Practical Analysis: Backups Are IT's Red-Headed Stepchild
Our first annual survey on the state of backup reveals just how varied the approaches are, and just how much of a mess many are in.
If there's one central function of IT that just never seems "right," it's system backups. When we bought true systems--you know, the ones with spinning half-inch tapes that were iconic to mainframes in the 1970s--moving data to and from tape was fundamental to the system's use. But since those days, backups have been imagined and reimagined pretty much constantly.
While InformationWeek Analytics does about 100 surveys a year, until this month we hadn't done an annual survey on the state of backup. Shame on us, because our survey reveals just how varied the approaches are, and just how much of a mess many are in. I'd have guessed that the days of writing straight to tape would have passed some time ago, with disk-to-disk- to-tape systems doing most of the heavy lifting. Not so--our survey finds that the companies of 39% of respondents still use direct-to-tape backups extensively, while 35% don't use them at all. The numbers for disk-to-disk-to-tape systems are flipped, with 35% using them extensively. Other technologies in use include continuous data protection (CDP) systems, which, while used by only 27% of respondents' companies now, will be the most popular systems in 18 months.
The real fly in the ointment is the rising use of virtualization in production environments. In the previrtualization world, when servers rattled around at 5% utilization, the one time you could be sure that utilization would be considerably higher was during backups. So if you chose a 10:1 virtualization ratio, many of you found that everything worked just fine--until backups ran.
The answer, at least as far as our survey respondents are concerned, hasn't been to move to specialized backup software, but rather to back away from that 10:1 physical-to-virtual server ratio. Fully 77% of surveyed companies still use conventional backup software either installed as an agent or done through the host operating system.
There's no one answer for addressing virtual machine backup. The current method is through brute force, and while you might have to lower virtualization ratios to 5:1, that's still a pretty good deal over where you were just a few years ago. Our survey shows increased interest in CDP, filer/array-based backups, deduplication technology of various kinds, and software developed specifically to deal with backing up multiple VMs on the same host.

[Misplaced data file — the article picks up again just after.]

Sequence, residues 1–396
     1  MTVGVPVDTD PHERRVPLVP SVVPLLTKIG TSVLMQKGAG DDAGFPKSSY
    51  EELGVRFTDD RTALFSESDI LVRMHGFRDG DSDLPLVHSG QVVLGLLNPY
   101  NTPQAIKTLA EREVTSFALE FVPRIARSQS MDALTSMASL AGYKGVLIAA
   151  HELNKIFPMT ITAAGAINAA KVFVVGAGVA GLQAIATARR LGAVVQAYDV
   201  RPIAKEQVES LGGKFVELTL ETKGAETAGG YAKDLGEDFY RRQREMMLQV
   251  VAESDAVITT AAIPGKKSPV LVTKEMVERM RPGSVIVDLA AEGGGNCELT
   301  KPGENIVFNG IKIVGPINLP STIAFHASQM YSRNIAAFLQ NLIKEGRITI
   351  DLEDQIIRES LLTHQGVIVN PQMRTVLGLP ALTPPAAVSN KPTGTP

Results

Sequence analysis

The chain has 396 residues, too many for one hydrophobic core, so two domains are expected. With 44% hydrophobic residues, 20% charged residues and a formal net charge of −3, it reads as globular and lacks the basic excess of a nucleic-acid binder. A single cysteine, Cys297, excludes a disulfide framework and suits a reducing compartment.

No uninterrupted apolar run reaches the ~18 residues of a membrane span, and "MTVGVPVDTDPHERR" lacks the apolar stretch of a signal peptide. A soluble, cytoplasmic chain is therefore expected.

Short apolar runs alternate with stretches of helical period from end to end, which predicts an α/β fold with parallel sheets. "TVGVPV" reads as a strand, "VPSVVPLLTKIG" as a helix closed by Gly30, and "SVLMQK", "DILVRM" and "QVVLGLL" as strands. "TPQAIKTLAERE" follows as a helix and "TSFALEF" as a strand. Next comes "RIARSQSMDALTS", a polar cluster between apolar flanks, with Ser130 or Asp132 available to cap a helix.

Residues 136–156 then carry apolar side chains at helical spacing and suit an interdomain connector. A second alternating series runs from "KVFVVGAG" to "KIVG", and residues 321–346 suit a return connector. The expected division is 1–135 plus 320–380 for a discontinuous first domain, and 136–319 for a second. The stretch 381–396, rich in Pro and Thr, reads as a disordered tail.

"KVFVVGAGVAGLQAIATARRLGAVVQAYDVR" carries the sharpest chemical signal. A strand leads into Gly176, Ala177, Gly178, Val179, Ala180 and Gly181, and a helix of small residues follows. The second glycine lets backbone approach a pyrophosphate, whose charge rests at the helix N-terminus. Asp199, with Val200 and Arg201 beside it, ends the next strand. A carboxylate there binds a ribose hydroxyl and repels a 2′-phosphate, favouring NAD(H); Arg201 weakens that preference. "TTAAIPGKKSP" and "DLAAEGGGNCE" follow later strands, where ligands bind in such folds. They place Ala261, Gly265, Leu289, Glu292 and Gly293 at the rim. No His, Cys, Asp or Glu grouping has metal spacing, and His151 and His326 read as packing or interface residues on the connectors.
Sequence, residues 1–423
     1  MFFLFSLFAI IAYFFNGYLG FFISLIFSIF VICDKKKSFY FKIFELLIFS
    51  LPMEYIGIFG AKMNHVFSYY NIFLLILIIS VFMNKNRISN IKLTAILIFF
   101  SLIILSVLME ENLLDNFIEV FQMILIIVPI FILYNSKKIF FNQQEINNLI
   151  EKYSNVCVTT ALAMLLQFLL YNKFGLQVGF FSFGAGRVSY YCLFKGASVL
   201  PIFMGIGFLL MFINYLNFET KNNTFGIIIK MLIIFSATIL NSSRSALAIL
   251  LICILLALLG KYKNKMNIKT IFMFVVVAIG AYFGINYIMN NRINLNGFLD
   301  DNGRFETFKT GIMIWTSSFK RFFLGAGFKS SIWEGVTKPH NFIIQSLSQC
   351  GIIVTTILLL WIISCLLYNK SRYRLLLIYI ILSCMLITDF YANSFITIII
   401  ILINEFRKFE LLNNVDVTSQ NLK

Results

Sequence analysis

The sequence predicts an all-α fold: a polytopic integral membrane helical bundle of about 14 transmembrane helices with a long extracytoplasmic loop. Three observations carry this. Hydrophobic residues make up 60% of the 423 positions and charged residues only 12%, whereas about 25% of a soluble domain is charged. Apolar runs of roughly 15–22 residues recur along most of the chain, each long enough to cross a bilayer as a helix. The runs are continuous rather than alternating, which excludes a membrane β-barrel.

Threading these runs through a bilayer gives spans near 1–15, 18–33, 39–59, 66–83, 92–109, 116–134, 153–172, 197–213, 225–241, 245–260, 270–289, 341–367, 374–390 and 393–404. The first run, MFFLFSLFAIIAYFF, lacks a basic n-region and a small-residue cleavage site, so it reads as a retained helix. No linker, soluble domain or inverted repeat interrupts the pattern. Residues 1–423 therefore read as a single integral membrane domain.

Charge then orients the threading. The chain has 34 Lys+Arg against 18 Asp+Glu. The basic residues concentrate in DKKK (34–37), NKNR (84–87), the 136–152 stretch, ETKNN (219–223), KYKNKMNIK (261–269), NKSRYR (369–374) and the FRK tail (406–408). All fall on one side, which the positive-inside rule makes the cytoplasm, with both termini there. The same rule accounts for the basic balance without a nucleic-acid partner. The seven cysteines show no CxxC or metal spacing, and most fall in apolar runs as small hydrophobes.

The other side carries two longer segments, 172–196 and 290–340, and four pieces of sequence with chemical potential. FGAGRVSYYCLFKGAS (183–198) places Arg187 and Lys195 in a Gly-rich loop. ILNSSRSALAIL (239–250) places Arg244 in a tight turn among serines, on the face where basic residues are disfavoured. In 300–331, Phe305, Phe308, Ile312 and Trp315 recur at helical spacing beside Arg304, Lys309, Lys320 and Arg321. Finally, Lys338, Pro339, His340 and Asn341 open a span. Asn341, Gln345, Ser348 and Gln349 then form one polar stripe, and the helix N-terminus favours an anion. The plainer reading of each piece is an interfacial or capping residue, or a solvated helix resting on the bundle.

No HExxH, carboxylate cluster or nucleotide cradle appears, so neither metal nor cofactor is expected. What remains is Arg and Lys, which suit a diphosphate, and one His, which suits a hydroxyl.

There's also renewed interest in living without tape. As with the paperless office, the notion of tapeless backup is the stuff of system administrator and IT architect dreams, typically quashed by the reality at hand. But this is one time where the cloud can really provide a tipping point. While disk-to-disk-to-cloud backup isn't appropriate for every business or application, many will find that it makes perfect sense for them. Particularly as bandwidth prices fall and deduplication technology gets fully baked in, sending backups and archives to cloud providers could mean life without tape for some administrators.
The one thing that won't work for most companies is the status quo. While technology and even goals can change, the one certainty is that you neglect backups at your peril. Our full report will be ready in a few weeks, with a far more extensive discussion of issues and approaches. If you haven't thought about backups in a while--well, you know the drill.
Art Wittmann is director of InformationWeek Analytics, a portfolio of decision-support tools and analyst reports. You can write to him at email@example.com.
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